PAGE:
I got to spend a lot of time in the up-armored Humvee gun trucks that we had the training on while we were back on base. They are nice vehicles for the protection they offer but it comes at the expense of space on the inside. We have four guys in the seats of the Humvee and one gunner sitting on the sling seat you see in the middle of the picture above. It’s very tight quarters in there with all of our body armor on but there is a plus side. They have intercom systems made by Bose so you can easily talk to each other and hear the radio. It’s even possible to put music through them and hear the three distinct things clearly. Life’s not too bad when you can ride around in the air conditioning, shooting guns, and rocking out to AC/DC.

The picture above is after we pulled the gunner with simulated injuries out of the truck. We are performing first aid and preparing him to be loaded on the helicopter. In the movie below our truck was disabled and another truck came up to pull us out of the “kill zone.” You can hear Heenan up on the roof making the .50 cal sing.

This is my favorite scene below. We are finally headed back to our tents for some rest after a long day of training.

We did have a visit from Tropical Storm Hanna. It was nice of her to stop by and pause the training for a little bit. There was a lot of flooding around the FOB and our company was actually the only one that stayed at the FOB through the storm. There was a small river running by the outside of our tent but Brand was unsuccessful at catching any fish in it. I’m not much of a fisherman but I don’t know what kind of fish he was trying to catch with a pop can for bait.

Dirty was awarded/ordered-to-carry the prestigious donkey stick. Any resemblance to a pink horse children’s toy is strictly coincidental. The stick is a helpful reminder of actions that should not be repeated. He was able to have the honor of carrying this for about three or four days. Most people have received it for not keeping track of their weapon but Dirty came up with a new way of earning it. When we test-fired our weapons before we left on a convoy he fired toward the FOB instead of away from it. Thankfully we were working with blanks that day.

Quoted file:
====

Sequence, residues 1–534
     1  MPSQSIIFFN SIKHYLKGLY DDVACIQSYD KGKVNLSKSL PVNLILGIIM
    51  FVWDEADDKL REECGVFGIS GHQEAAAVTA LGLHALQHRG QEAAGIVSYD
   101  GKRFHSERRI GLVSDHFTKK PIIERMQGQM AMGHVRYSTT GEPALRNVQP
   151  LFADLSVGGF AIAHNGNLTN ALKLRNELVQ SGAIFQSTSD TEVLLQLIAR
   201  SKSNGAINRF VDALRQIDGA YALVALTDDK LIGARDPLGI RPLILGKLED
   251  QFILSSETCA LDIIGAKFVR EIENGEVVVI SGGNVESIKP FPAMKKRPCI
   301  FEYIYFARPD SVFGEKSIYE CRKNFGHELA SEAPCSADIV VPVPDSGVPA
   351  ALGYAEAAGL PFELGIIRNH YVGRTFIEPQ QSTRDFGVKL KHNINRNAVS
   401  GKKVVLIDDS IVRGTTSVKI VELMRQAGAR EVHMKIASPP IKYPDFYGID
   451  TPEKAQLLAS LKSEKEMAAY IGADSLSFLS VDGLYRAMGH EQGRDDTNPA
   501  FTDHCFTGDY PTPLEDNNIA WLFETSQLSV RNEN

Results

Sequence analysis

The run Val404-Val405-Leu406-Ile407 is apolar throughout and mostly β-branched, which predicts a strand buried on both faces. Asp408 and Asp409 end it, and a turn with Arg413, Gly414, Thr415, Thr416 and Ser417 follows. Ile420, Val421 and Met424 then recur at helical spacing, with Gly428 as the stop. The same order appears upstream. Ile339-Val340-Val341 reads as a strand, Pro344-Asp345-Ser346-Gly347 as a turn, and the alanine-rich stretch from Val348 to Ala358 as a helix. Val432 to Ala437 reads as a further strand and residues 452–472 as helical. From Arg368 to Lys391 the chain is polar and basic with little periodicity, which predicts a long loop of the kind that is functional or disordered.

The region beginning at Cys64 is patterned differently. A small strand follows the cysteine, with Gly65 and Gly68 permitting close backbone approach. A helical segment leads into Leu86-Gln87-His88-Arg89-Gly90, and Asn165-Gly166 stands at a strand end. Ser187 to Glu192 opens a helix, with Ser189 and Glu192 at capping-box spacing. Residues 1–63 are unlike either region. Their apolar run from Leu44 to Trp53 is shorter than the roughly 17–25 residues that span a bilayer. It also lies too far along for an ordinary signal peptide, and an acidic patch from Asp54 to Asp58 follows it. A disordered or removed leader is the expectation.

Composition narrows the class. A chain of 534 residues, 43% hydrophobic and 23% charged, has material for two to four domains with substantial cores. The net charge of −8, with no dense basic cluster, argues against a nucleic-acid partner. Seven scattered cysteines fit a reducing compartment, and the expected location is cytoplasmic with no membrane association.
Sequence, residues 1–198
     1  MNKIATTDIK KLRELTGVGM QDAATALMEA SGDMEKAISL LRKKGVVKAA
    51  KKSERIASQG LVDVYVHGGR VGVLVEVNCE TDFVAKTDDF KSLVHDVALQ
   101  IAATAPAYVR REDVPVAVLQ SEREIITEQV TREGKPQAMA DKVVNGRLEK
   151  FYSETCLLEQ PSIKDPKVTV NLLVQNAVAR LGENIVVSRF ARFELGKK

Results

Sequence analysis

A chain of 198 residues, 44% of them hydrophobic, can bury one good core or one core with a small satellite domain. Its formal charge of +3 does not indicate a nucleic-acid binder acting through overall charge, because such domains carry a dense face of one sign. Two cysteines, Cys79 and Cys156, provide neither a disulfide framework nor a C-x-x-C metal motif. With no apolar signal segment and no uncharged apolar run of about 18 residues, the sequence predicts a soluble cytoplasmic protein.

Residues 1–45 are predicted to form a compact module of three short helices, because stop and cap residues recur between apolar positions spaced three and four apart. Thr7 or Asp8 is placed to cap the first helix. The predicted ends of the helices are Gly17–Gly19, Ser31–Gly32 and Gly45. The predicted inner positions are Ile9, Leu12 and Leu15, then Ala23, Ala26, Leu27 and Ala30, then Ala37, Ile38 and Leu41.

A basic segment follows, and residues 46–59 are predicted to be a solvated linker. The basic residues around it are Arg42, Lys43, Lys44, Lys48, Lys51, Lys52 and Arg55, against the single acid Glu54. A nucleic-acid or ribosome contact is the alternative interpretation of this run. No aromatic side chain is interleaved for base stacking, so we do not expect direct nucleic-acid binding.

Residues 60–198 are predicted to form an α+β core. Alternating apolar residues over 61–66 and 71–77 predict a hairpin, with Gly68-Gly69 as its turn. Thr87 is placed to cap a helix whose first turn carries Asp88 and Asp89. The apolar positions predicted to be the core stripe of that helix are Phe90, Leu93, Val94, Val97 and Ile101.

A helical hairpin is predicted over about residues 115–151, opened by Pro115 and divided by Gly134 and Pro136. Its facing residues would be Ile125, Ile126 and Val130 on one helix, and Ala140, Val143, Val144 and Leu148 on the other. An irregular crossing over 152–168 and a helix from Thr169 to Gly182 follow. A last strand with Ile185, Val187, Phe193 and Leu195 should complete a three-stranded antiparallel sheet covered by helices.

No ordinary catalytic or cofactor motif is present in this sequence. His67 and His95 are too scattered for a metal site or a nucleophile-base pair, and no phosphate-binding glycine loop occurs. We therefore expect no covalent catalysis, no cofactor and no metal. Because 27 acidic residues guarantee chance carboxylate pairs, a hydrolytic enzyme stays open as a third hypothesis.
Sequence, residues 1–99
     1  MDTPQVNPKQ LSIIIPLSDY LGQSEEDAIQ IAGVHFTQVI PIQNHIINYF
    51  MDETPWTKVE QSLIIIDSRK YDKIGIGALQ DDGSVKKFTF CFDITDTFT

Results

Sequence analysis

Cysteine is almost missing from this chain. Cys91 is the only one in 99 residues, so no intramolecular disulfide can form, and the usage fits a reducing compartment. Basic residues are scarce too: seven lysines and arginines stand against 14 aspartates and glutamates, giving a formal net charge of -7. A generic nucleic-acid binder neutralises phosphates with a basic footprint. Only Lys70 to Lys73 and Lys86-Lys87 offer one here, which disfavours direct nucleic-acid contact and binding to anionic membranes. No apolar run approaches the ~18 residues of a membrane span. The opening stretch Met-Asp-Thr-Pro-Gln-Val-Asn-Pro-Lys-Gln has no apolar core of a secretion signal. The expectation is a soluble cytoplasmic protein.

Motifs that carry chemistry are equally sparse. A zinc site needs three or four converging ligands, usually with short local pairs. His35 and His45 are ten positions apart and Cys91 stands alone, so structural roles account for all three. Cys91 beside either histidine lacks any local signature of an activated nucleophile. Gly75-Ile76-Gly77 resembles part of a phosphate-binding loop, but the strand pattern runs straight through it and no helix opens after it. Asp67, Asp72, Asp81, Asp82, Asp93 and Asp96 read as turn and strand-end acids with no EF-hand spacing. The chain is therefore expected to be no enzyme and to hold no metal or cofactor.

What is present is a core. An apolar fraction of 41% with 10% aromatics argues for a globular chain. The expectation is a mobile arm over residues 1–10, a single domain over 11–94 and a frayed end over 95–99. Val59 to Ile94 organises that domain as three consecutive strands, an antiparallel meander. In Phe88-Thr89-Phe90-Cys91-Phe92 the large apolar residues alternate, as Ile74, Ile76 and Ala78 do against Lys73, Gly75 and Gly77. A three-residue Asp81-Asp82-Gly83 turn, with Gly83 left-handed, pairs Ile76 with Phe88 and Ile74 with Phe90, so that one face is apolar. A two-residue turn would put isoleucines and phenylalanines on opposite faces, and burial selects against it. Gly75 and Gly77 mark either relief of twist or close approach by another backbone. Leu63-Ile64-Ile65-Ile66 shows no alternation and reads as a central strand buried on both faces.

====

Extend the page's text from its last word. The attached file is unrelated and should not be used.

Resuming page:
On a side note: Milk Duds are not a good snack to take out to the field and forget in your bag. After a few weeks those Milk Duds turn into a singular Milk Dud and no one is happy.

We came out of the field on September 11 after washing all of our gear and cleaning the tents. It was nice to get back to the barracks and not have to walk outside for the bathrooms and showers. A few people mentioned that air conditioning was also a nice benefit of the barracks. The country band, Lonestar, was on base for a special tribute concert that evening that we were able to go to. It was a nice way to relax for a while after being in the field. The picture below is a huge American flag that was hung from fire trucks from Ft. Dix and McGuire Air Force Base.

We are close now to heading overseas and I’m currently enjoying a four-day pass with Kristen. I had to wait to post this update up until we got to the hotel with a solid internet connection. The adventures of the four-day pass will have to wait until the next update.

Wondering who Mr. Bob is? Click here.

Enjoy the indoor bathrooms,


"In theory, there is no difference between theory and practice. But, in practice, there is. "

- Jan L.A. van de Snepscheut